Thursday, January 20, 2011

Prof. Chua's daughter Sophia wrote an article for the New York Post, styled as a letter to her mother:
Dear Tiger Mom,

You’ve been criticized a lot since you published your memoir, “Battle Hymn of the Tiger Mother.” One problem is that some people don’t get your humor. They think you’re serious about all this, and they assume Lulu and I are oppressed by our evil mother. That is so not true. Every other Thursday, you take off our chains and let us play math games in the basement. But for real, it’s not their fault. No outsider can know what our family is really like.


A lot of people have accused you of producing robot kids who can’t think for themselves. Well, that’s funny, because I think those people are . . . oh well, it doesn’t matter. At any rate, I was thinking about this, and I came to the opposite conclusion: I think your strict parenting forced me to be more independent. Early on, I decided to be an easy child to raise. Maybe I got it from Daddy — he taught me not to care what people think and to make my own choices — but I also decided to be who I want to be.


Everybody seems to think art is spontaneous. But Tiger Mom, you taught me that even creativity takes effort. I guess I was a little different from other kids in grade school, but who says that’s a bad thing?


There’s one more thing: I think the desire to live a meaningful life is universal. ... To me, it’s not about achievement or self-gratification. It’s about knowing that you’ve pushed yourself, body and mind, to the limits of your own potential. You feel it when you’re sprinting, and when the piano piece you’ve practiced for hours finally comes to life beneath your fingertips. You feel it when you encounter a life-changing idea, and when you do something on your own that you never thought you could. If I died tomorrow, I would die feeling I’ve lived my whole life at 110 percent.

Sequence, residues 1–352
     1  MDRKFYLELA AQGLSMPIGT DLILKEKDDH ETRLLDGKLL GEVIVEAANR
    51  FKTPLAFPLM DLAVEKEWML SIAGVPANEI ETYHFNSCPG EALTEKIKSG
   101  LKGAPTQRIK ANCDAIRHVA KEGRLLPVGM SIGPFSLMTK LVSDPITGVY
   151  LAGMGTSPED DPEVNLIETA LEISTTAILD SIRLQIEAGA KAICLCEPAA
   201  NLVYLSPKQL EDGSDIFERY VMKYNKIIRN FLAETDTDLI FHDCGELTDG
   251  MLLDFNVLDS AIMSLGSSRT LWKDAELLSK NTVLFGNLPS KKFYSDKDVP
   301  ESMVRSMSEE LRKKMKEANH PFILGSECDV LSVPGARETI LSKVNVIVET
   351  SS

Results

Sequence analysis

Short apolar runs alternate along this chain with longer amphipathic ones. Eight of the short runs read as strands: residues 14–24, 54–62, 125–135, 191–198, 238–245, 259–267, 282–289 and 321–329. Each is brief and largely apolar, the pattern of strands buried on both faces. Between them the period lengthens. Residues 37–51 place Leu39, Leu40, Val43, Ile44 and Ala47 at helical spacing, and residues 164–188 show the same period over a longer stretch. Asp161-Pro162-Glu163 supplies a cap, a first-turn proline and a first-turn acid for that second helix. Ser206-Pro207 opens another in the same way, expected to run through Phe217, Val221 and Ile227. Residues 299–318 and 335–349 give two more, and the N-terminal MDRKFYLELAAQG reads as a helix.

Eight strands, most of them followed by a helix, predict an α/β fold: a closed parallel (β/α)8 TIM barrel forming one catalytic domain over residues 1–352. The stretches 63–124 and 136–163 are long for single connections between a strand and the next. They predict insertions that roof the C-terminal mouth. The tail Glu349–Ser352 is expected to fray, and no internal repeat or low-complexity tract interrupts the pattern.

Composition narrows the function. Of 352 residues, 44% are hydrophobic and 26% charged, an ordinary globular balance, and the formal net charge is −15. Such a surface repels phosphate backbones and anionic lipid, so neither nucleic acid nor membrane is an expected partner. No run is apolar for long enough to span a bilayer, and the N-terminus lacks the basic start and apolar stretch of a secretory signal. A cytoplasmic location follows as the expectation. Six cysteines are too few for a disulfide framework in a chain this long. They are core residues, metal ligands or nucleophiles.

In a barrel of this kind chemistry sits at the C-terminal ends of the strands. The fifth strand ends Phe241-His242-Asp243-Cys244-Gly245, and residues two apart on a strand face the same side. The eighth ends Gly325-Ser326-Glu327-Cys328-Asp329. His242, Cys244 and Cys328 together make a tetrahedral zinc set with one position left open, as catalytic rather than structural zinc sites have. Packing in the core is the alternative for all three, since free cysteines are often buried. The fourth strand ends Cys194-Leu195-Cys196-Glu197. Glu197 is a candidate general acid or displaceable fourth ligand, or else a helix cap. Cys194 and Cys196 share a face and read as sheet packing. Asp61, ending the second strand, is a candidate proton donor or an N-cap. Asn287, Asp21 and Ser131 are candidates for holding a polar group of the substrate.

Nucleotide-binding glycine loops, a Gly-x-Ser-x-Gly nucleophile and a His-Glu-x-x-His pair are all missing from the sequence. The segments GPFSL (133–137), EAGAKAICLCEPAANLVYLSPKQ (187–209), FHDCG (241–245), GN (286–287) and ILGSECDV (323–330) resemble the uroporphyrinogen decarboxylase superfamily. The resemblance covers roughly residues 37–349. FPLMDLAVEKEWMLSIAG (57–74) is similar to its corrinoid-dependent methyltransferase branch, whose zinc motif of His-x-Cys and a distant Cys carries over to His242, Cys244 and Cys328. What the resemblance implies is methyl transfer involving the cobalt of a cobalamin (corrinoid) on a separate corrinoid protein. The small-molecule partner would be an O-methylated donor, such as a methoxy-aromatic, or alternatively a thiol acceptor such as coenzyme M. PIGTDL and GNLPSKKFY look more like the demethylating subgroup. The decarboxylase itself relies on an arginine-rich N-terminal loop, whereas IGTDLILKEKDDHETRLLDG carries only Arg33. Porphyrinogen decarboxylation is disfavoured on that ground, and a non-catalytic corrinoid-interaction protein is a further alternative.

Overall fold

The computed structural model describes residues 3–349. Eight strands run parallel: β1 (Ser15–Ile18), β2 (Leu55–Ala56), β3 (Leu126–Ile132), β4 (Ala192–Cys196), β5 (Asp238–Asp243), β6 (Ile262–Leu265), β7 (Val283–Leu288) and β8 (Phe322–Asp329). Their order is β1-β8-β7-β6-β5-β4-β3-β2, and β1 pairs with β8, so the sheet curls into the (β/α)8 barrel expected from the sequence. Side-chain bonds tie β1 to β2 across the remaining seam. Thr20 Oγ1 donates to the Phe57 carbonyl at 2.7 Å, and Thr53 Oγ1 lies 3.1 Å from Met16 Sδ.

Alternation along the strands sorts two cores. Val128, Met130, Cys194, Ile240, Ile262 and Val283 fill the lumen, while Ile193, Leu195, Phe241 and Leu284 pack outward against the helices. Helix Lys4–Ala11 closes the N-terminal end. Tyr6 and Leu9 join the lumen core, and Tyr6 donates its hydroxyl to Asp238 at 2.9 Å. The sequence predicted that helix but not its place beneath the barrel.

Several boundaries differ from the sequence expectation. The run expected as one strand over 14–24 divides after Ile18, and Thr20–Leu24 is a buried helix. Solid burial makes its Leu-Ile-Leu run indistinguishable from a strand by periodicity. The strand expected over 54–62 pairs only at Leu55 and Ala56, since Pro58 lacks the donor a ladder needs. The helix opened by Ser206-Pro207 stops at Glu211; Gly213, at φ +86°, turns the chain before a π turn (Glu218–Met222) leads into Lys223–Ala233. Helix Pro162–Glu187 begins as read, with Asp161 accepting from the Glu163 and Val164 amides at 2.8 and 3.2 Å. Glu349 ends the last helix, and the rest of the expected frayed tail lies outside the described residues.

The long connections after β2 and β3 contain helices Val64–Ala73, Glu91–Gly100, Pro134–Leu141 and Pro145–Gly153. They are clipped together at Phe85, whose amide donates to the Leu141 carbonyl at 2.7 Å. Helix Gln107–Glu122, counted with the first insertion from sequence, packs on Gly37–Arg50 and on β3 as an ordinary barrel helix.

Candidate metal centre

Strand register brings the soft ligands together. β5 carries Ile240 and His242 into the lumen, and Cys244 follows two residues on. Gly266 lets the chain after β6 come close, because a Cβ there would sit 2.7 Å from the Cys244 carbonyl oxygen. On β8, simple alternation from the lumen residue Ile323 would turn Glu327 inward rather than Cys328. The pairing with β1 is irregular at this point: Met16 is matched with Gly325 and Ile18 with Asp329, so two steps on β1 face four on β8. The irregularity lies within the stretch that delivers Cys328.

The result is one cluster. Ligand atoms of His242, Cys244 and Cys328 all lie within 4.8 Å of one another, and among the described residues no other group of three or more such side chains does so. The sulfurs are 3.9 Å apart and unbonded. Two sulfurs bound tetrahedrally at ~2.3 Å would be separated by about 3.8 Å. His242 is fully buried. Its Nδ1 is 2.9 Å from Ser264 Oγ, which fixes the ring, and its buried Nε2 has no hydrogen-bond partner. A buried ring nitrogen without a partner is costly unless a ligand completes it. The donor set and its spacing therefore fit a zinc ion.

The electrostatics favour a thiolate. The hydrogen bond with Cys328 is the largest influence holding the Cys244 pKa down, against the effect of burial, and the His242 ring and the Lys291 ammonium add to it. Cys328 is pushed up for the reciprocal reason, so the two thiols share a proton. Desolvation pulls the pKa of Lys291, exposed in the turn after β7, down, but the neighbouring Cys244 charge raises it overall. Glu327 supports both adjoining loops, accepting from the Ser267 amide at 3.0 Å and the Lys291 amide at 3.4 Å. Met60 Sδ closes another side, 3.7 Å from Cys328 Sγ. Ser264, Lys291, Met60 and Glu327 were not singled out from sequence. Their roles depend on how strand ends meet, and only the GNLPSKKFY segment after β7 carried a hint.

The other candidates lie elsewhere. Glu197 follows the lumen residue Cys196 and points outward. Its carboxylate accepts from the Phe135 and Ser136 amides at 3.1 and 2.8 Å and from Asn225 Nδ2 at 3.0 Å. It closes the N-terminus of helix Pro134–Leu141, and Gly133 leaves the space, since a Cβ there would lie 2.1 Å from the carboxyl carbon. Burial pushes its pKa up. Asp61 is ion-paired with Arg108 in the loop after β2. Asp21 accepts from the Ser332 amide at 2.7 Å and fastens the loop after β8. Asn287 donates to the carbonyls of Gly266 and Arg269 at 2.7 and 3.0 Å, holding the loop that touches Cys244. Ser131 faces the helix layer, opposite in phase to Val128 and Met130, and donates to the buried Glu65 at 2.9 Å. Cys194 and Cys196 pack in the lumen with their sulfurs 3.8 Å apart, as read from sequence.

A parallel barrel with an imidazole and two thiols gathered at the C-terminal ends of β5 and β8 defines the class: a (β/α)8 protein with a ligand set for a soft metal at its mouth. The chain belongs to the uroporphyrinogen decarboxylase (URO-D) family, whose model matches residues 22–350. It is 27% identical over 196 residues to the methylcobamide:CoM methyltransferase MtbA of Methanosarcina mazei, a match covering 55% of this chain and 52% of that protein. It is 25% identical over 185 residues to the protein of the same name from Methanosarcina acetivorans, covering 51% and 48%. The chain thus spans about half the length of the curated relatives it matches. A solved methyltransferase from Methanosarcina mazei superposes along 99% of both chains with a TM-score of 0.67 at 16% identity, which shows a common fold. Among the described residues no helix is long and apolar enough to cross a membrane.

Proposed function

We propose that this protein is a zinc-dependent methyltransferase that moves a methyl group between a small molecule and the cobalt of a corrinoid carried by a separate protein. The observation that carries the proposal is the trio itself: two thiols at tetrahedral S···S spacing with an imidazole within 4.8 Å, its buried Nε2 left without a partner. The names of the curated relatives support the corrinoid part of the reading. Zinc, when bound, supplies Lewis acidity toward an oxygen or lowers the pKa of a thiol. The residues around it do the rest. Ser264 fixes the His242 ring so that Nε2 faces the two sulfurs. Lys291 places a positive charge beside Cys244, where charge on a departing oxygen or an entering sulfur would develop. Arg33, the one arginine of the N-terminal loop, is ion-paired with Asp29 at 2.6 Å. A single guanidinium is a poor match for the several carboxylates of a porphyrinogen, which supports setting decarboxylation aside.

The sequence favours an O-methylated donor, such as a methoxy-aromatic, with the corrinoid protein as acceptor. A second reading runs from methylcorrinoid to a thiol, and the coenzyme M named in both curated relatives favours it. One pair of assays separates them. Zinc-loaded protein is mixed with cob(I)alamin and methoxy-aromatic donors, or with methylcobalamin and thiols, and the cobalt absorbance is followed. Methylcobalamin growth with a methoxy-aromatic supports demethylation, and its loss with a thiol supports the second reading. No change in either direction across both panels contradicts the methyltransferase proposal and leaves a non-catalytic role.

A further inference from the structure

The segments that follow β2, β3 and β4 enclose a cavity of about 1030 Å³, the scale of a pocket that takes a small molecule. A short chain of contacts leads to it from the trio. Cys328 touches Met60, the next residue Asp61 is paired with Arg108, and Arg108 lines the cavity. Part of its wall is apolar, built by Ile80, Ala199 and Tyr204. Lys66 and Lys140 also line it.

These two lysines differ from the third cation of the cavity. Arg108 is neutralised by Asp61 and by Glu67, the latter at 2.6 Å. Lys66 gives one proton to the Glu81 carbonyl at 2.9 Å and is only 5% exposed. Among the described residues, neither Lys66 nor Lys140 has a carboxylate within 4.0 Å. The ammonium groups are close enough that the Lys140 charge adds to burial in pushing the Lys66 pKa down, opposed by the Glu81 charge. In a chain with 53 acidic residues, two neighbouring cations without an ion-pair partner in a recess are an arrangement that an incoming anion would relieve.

Why I love my strict Chinese mom [New York Post]

Such a smart girl. She pretty much hit every single point that the Korean hit.


  1. I ROFL'd "Every other Thursday, you take off our chains and let us play math games in the basement." Nice.

  2. I can't believe how many angry reactions I've read to her book... from people who didn't even READ it.

    These quotes really do make the key points -- it's tongue-in-cheek humour.

    Also, I totally agree about creativity. People have a strange, romantic fantasy about what artists are like: they're born with fantastic talent and creativity that just spills out. That's utter rubbish. It takes incredible hard work and a lifetime of training, and only a few of the best who do that are successful.

    As far as classical composers go, J S Bach studied Vivaldi, among others. Eveyone since, studied Bach. And think of this: the great child prodigy that was W A Mozart...? He was a LATE developer. Considering all the time he put into learning music, he actually got to master level late in life.

    Check Malcolm Gladwell's book, 'Outliers' for a reference to a book on Mozart... I have it here but can't be bothered right now.

  3. I haven't read the book, but didn't Amy Chau state there's actually a point where her "Chinese parenting-style" backfired with her second daughter?

  4. Amy Chua daughter's piece in the NY times supporting her mother is certainly valiant, her eloquent prose at a such a young age is masterful, and the collective spirit of the family is certainly revered. But to say Asian's parents mother's parenting is superior than Americans is pretty damm stupid.

  5. Korean,

    Not sure if you're aware of this, but your link leads directly to page two of the column, which caused me some minor confusion.

    Here's the link (I think) to page one:

  6. The New York Times is reporting that Sophia, for making an egregious math error by writing that she has "lived her life 110 percent" will be denied food and water for 3 days, and her favorite dress, stuffed animal, and Norah Jones CDs will be burned in front of her.

  7. "I think the desire to live a meaningful life is universal"

    Not for me. I just want to be comfortable and have a positive vibe. What is meaningful for one person can be absolute shit for the next. As for the good that this


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